Tuesday, June 21, 2016

Our Visit to Arlington Cemetery--"Hallowed Grounds"

We took at trip over the weekend to my homeland, Northern Virginia.  And since Scott had never been to Arlington Cemetery, that was our first stop!  I hadn't been there since I was a very little girl.

Upon entering the National Cemetery, we were met with this sign.  I was very touched by the level of respect that was demanded of us and also by the unashamed religiosity to call the cemetery "hallowed grounds."  And truly it was hallowed!  I felt the reverence immediately upon entering.

My heart was further touched when a group of World War II veterans was being welcomed to the cemetery.  They posed in front of statues.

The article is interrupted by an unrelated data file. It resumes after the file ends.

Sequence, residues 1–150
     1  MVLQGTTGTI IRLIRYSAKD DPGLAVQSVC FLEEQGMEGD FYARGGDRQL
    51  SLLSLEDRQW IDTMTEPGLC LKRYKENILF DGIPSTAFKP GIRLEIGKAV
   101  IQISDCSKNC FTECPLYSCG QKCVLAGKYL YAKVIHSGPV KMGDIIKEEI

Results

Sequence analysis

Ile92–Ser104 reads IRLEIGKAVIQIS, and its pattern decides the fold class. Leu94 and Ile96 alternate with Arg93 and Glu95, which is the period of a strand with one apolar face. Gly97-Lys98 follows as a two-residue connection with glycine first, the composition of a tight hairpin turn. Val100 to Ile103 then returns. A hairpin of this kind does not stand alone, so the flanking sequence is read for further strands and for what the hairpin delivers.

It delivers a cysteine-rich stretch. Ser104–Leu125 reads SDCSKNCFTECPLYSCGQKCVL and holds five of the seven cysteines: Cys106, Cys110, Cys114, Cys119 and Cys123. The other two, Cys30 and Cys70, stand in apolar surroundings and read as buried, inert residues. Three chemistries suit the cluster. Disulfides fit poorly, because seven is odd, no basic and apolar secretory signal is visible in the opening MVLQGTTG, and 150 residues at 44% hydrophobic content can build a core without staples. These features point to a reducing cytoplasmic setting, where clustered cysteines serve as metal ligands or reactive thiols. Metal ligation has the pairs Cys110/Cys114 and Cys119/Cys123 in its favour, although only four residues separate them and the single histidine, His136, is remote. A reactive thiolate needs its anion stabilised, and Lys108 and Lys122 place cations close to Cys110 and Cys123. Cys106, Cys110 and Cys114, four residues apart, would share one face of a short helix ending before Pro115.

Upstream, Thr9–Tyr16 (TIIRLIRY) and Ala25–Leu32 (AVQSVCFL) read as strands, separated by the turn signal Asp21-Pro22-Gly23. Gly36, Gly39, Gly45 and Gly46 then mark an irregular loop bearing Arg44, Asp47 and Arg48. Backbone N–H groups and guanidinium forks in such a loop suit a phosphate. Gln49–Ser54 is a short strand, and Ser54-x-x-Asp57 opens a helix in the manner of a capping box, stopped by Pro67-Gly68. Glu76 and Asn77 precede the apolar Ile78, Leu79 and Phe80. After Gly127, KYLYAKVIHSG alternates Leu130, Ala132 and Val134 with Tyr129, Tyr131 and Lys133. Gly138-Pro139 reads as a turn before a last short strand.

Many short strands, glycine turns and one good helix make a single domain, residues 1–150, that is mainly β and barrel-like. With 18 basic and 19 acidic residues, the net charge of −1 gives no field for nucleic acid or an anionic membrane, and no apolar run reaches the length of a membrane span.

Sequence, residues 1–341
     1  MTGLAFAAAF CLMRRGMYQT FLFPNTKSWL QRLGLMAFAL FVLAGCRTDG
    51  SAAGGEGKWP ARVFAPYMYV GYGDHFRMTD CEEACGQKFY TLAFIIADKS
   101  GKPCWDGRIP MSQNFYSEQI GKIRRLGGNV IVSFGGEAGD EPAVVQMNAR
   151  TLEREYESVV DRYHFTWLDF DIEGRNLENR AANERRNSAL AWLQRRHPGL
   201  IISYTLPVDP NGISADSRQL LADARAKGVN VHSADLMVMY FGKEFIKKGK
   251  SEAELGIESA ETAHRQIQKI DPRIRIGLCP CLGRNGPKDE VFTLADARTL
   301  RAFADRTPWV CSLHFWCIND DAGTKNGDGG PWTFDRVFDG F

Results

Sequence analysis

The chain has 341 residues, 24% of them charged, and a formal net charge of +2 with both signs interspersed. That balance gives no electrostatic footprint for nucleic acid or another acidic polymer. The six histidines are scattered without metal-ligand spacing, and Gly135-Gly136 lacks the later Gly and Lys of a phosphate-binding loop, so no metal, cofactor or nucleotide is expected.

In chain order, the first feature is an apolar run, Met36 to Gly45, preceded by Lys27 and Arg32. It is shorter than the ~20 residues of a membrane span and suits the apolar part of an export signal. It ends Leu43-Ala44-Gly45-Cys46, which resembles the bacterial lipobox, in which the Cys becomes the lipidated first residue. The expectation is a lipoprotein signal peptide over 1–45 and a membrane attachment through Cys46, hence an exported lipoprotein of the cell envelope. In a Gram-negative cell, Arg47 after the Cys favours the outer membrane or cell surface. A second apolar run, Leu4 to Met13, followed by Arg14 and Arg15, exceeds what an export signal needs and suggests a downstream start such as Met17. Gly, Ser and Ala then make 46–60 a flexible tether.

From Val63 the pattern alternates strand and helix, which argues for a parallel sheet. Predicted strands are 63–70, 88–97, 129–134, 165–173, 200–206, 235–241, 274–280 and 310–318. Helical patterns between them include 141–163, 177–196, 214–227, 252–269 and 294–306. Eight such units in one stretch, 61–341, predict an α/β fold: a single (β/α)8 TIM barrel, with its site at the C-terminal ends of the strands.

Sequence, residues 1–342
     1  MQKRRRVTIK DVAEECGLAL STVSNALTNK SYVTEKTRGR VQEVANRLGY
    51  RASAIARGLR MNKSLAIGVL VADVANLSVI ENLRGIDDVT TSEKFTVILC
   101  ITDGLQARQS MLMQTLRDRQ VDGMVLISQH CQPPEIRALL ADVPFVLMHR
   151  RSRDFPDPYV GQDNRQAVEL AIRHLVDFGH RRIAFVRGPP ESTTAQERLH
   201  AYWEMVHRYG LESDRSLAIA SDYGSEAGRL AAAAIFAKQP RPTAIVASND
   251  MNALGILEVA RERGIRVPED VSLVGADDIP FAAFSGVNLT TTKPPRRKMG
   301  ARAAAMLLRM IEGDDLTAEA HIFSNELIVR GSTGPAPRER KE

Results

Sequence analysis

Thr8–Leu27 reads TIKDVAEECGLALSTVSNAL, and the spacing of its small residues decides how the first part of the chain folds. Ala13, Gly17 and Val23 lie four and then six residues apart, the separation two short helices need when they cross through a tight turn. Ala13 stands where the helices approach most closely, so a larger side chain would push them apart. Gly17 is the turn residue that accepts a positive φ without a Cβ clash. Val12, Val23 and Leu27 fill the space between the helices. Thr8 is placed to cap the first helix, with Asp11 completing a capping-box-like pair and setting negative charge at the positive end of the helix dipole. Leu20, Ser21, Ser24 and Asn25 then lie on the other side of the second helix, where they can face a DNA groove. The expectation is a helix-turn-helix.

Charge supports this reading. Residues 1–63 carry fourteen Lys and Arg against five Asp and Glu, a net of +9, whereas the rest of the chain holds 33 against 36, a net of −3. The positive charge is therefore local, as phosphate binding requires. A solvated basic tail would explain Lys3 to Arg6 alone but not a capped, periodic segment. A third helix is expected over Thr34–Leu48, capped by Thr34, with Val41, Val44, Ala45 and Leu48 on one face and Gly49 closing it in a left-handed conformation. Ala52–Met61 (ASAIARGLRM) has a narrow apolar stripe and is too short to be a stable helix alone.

Each one wore a yellow sash.  Their families were with them.  And everyone was very proud and solemn.

Even granddaughters were taking photos as they were given seats on a special tour bus.  Wheelchairs stowed carefully.  It really was a sacred procession.

I knew I would be overwhelmed by the sheer number of gravestones.  I planned on that.  I prepared for it.  But no amount of preparation can really prepare you for it.

The rows of white headstones go off in every direction for as far as the eye can see.

And Arlington Cemetery is full of trees and hills and you have perfect knowledge that they continue on even after all the eye can see!

As we walked along the paths, we saw a worker carefully power washing each and every stone. Making sure that lichens and moss and mold don't grow across these.  I was touched by the care and consideration he gave to each and every stone.

Every little while, we came across a gravestone with flowers placed in front of it.